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McNett v. Alyeska Pipeline Service Co. (8/6/93), 856 P 2d 1165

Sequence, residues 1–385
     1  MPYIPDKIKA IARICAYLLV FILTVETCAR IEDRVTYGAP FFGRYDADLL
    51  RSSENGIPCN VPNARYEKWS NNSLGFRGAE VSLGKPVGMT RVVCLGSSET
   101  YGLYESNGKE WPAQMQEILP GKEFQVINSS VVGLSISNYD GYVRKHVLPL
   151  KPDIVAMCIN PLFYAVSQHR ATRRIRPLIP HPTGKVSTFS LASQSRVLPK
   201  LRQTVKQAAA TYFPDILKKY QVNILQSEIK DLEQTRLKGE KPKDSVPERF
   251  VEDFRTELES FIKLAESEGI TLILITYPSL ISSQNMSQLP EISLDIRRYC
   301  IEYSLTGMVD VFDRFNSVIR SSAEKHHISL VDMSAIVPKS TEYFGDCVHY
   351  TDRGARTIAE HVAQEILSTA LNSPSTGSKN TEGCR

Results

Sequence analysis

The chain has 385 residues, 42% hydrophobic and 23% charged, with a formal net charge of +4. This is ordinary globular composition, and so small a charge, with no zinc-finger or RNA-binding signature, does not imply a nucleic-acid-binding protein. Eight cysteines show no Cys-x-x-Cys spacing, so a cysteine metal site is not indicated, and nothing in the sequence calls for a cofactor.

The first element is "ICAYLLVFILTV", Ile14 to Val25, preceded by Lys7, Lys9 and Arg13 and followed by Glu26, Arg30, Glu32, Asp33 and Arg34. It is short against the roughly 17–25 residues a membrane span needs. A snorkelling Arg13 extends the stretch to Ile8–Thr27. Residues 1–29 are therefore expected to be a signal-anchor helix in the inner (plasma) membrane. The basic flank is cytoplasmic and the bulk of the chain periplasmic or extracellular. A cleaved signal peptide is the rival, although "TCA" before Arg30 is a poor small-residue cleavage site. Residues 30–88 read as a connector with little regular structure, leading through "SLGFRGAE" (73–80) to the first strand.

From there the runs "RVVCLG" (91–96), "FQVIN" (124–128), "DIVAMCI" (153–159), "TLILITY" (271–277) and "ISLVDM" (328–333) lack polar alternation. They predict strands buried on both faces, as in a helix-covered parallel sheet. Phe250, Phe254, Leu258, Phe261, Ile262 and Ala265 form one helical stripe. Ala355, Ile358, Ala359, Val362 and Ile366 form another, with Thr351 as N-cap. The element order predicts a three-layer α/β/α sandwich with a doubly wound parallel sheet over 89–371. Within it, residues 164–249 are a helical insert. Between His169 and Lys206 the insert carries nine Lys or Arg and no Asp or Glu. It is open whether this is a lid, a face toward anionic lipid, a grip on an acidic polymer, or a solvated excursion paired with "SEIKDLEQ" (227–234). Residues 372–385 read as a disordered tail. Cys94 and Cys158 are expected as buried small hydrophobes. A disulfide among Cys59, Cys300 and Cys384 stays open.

NOTICE: This opinion is subject to formal correction before publication in the Pacific Reporter. Readers are requested to bring typographical or other formal errors to the attention of the Clerk of the Appellate Courts, 303 K Street, Anchorage, Alaska 99501, in order that corrections may be made prior to permanent publication. THE SUPREME COURT OF THE STATE OF ALASKA NANCY McNETT, ) ) Supreme Court No. S-5212 Appellant, ) ) v. ) Superior Court No. ) 3AN-92-3304 CIVIL ALYESKA PIPELINE SERVICE ) COMPANY, ) O P I N I O N ) Appellee. ) ______________________________) [No. 3992, August 6, 1993] Appeal from the Superior Court of the State of Alaska, Third Judicial District, Anchorage, Joan M. Katz, Judge. Appearances: James A. Gasper, Jermain, Dunnagan & Owens, P.C., Anchorage, for Appellant. Lawrence R. Trotter and Susan D. Murto, Alyeska Pipeline Service Co., Anchorage, for Appellee. Before: Moore, Chief Justice, Rabinowitz, Burke, Matthews, and Compton, Justices. RABINOWITZ, Justice. I. INTRODUCTION This appeal is taken from the superior court's denial of Nancy McNett's application, made pursuant to Alaska Civil Rule 27, to perpetuate testimony before the filing of an action. II. FACTS AND PRIOR PROCEEDINGS On April 20, 1992, Nancy McNett filed a petition to depose Scott Cyr under Alaska Civil Rule 27(a). Cyr had been McNett's supervisor during her employment at Alyeska Pipeline Service Company (Alyeska). In her petition, McNett stated that she intended to bring an action against Alyeska for breach of contract and wrongful termination, although she was unable to bring the action at the present time. She stated that Cyr intended to leave the jurisdiction shortly, and that therefore she had a need for preserving his testimony through a pre-action deposition. Alyeska opposed McNett's petition. Kathleen Carr, Alyeska's Manager of Human Resource Services, stated in her affidavit in support of Alyeska's opposition: Mr. H.J. (Scott) Cyr has retired from Alyeska Pipeline Service Company effective March 6, 1992. It is my understanding that he is moving to Montgomery, Alabama. He would be available for deposition testimony in Montgomery, Alabama, if petitioner brings an action against Alyeska Pipeline Service Company. At a hearing on the petition, McNett's attorney argued that the petition should be granted because McNett was presently unable to bring the cause of action. He explained that McNett had left Alaska after her termination, now had returned, and was in the process of seeking new counsel for unspecified reasons.1 The superior court denied the petition, noting that "if she's been here for nine months -- no reason articulated why she couldn't have brought an action." The superior court stated that McNett had not met "the first prong"of Rule 27(a), namely "that she's unable to bring [a suit] or cause it to be brought." Additionally, the court noted that there appeared to be no reason why a commission to take a deposition in another state would be turned down. Subsequently the superior court entered a final judgment order denying the petition and awarding Alyeska $300 in attorney's fees. McNett argues two points in this appeal. First, she contends that the superior court erred in denying her Rule 27(a) petition because the court did not meet its affirmative duty of requesting additional evidence of McNett's inability to commence an action. Second, McNett contends that the superior court erred in awarding attorney's fees to Alyeska. III. STANDARD OF REVIEW The appropriate standard of review for the granting or denial of a Rule 27(a) petition to preserve pre-litigation testimony is abuse of discretion. Ash v. Cort, 512 F.2d 909, 913 (3d Cir. 1975); Harmon v. Mercy Hosp., 460 N.W.2d 404, 406 (N.D. 1990). Similarly, we review the award of attorney's fees under the abuse of discretion standard. Van Dort v. Culliton, 797 P.2d 642, 644 (Alaska 1990). IV. DISCUSSION A. Did the superior court abuse its discretion in denying McNett's Rule 27(a) petition? Alaska Civil Rule 27, titled "Depositions Before Action or Pending Appeal,"states in relevant part: (a) Before Action. (1) Petition. A person who desires to perpetuate his own testimony or that of another person regarding any matter that may properly be the subject of an action or proceeding in any court of the state, may file a verified petition in the superior court. The petition shall be entitled in the name of the petitioner and shall show: (1) that the petitioner expects to be a party to an action in a court of the state but is presently unable to bring it or cause it to be brought, (2) the subject matter of the expedited action and his interest therein, (3) the facts which he desires to establish by the proposed testimony and his reasons for desiring [to] perpetuate it, (4) the names or description of the persons he expects will be adverse parties and their addresses so far as known, and (5) the names and addresses of the persons to be examined and the substance of the testimony which he expects to elicit from each, and shall ask for an order authorizing the petitioner to take the depositions of the persons to be examined named in the petition, for the purpose of perpetuating their testimony. Additionally, Rule 27(a)(3) states: If the court is satisfied that the perpetuation of the testimony may prevent a failure or delay of justice, it shall make an order designating or describing the persons whose depositions may be taken and specifying the subject matter of the examination and whether the deposition shall be taken upon oral examination or written interrogatories. Alaska Civil Rule 27 is derived from Federal Rule of Civil Procedure 27, and federal decisions interpreting the federal counterpart provide a useful general framework of the purposes of Rule 27.2 Federal cases have noted that Rule 27(a) "`is not a method of discovery to determine whether a cause of action exists; and, if so, against whom action should be instituted.'" In re Boland, 79 F.R.D. 665, 668 (1978) (quoting Petition of Gurnsey, 223 F. Supp. 359, 360 (D.D.C. 1963)). Instead, the Rule applies to situations where, for one reason or another, testimony might be lost to a prospective litigant unless taken immediately. . . . Such testimony would thereby be perpetuated or kept in existence and, if necessary, would be available for use at some subsequent time. Ash v. Cort, 512 F.2d 909, 911 (3d Cir. 1975) (citing to Petition of Ferkauf, 3 F.R.D. 89, 91 (S.D.N.Y. 1943)). Both federal and state courts have read Rule 27(a) to restrict depositions that are merely searches for a cause of action, rather than an effort to preserve testimony concerning facts already known to the potential litigant. See Harmon v. Mercy Hosp., 460 N.W.2d 404, 406 (N.D. 1990). Under Civil Rule 27, a petitioner must first establish that she expects to be a party to an action, but is unable to bring the action at the present time. Courts have held that there must be a sufficient factual showing to support an expectation of an action. A leading treatise explains this requirement as follows: A good illustration of this situation is a case in which an executrix expected that the Commissioner of Internal Revenue would assess a deficiency federal estate tax and desired to perpetuate testimony concerning the intent of the testator in making certain gifts. The court held that the inability to bring or cause to be brought an action concerning this matter was shown by the fact that no action could be begun until the deficiency assessment was made and that even after petitioner paid the assessment she might have to wait six months after filing a claim for refund before suing for its recovery. 8 Charles Alan Wright & Arthur R. Miller, Federal Practice and Procedure: Civil 2072, at 336 (1970) (citing Petition of Ernst, 2 F.R.D. 447 (S.D. Cal. 1942)).3 McNett argues that the superior court had an affirmative duty to seek more information at the hearing as to why she was unable to bring an action at the present time. She asserts that she adequately demonstrated to the superior court that her desire to depose Mr. Cyr was not "a general discovery fishing expedition,"but an effort to preserve specific facts. She relies on In re Burlington Bagel Bakery, Inc., 549 A.2d 1044 (Vt. 1988), for the proposition that a lower court's reliance on "argumentative assertions of counsel"does not provide adequate grounds for the dismissal of a Rule 27(a) petition. Id. at 1045. She contends that this court is not bound to adopt federal interpretations of Rule 27, and instead should "examine Rule 27 under the circumstances which are unique to Alaska, and render an opinion based upon Alaska concerns." McNett identifies only one such concern, stating that "[g]iven Alaska's unique concerns for unavailability of potential witness [sic] . . . [t]his court should rule that a witness who is preparing to leave Alaska is . . . equivalent to a witness who is preparing to leave the United States under the federal rule." Additionally, she contends that the superior court's view that McNett should have commenced her action within the nine months since her termination rendered meaningless the applicable statute of limitations. Alyeska asserts that Burlington Bagel Bakery, Inc. can be distinguished. It observes that the Rule 27(a) petition in Burlington Bagel Bakery, Inc. concerned a petition to depose a person alleged to be preparing to open a competing bagel bakery in violation of a non-competition agreement. Alyeska observes that in Burlington Bagel Bakery, Inc., the Vermont Supreme Court had found that where the trial court based the denial of a Rule 27 petition solely on the grounds that the petitioner had not provided evidence to support the claim that the competing bagel bakery would be opened, then evidence concerning whether or not the bakery would in fact be opened should have been taken by the court. Id. at 1045. Alyeska contends that in contrast, the superior court did not base its findings on a challenge to the proposed action's validity. Instead, the superior court assumed McNett's allegations that she had a valid cause of action to be true, but found that she had failed to demonstrate why she could not bring the cause of action immediately. Alyeska notes that the superior court's decision did not render meaningless the applicable statutes of limitations, as McNett is free to either file another Rule 27(a) petition or to seek discovery once her action has been filed. Given the above, we conclude that the superior court did not abuse its authority in holding, pursuant to Alaska Civil Rule 27, that McNett had not established that she was "unable to bring"her action as of the time of the petition. On this record the superior court could reasonably conclude that McNett failed to show that perpetuation of Cyr's testimony "may prevent a failure or delay of justice." The sole evidence presented by McNett's counsel concerning McNett's inability to bring suit was that McNett had left Alaska of her own will and was now in the process of changing counsel for undisclosed reasons. The superior court provided McNett, through her counsel, with an adequate opportunity to present more specific evidence of why she was unable to bring suit. McNett's counsel chose to respond to the court's questions with non-specific answers. Study of the record does not indicate that the superior court precluded McNett's counsel from introducing any additional facts that might have advanced her cause. McNett's counsel had the opportunity to elaborate further details that might have strengthened McNett's claim of inability.4 McNett's argument that Rule 27(a) should be interpreted differently in light of Alaska's unique circumstances is unpersuasive. The mere fact that someone relocates to another state is not equivalent to leaving the country. Compulsory process for depositions is available nationwide. Finally, the superior court's ruling did not render meaningless the statute of limitations. The fact that a potential plaintiff still has time to file a lawsuit does not automatically lead to the conclusion that a Rule 27(a) petition must be granted. B. Did the superior court abuse its discretion in awarding Alyeska attorney's fees? McNett argues that it was inappropriate for the court to award Alyeska attorney's fees because there was no "prevailing party." She also states that since she would not have been entitled to attorney's fees had she "prevailed," it is inequitable for Alyeska to be awarded such fees. This claim is more of a circular statement than an argument. No authority is cited for either proposition. The superior court's entry of a final order denying McNett's Rule 27 petition was a final judgment for purposes of an attorney's fee award pursuant to Alaska Civil Rule 82. We therefore conclude that the superior court did not abuse its discretion in awarding Alyeska $300 in attorney's fees. V. CONCLUSION The superior court did not abuse its discretion in denying McNett's Rule 27 petition to depose Cyr prior to the commencement of her suit against Alyeska since McNett failed to establish that she was unable to commence the action. Further, the superior court did not abuse its discretion in awarding Alyeska $300 in attorney's fees.5 AFFIRMED. _______________________________ 1. McNett's attorney stated: "[S]he was out of the jurisdiction for a period of time before retaining this firm to represent her. And as developments have occurred - - this firm will not represent her in whatever litigation she ultimately contemplates against Alyeska Pipeline. And she is in the process of seeking other counsel; has not yet secured that counsel." Counsel also offered a second ground: "A failure or delay of justice." This ground, which he described generally as a need for court flexibility, has not been briefed on appeal. McNett explains in her brief that her employment with Alyeska had been terminated in June of 1991, and that she returned to Alaska in August of 1991. 2. We have held that federal authorities interpreting a federal rule may be considered in the interpretation of a similar state rule. Fenner v. Bassett, 412 P.2d 318, 321 (Alaska 1966). 3. Circumstances that have been found to constitute an adequate showing of impending loss of the proposed deposition testimony include grave illness, or plans to leave the United States for an indefinite or lengthy period of time. Boland, 79 F.R.D. at 667. 4. We hold that a court, when it is presented with a Rule 27 petition, has no affirmative duty to elicit additional evidence from a petitioner or his counsel if the court concludes, based on the evidence presented by the parties on their own volition, that it is persuaded to deny the petition. Rule 27(a) provides an exceptional privilege that should be reserved for exceptional circumstances. It is properly the responsibility of the petitioner, not the court, to establish that such circumstances exist. Compare Burlington Bagel Bakery, Inc.. 5. These holdings make it unnecessary to address any of the remaining points advanced by the parties.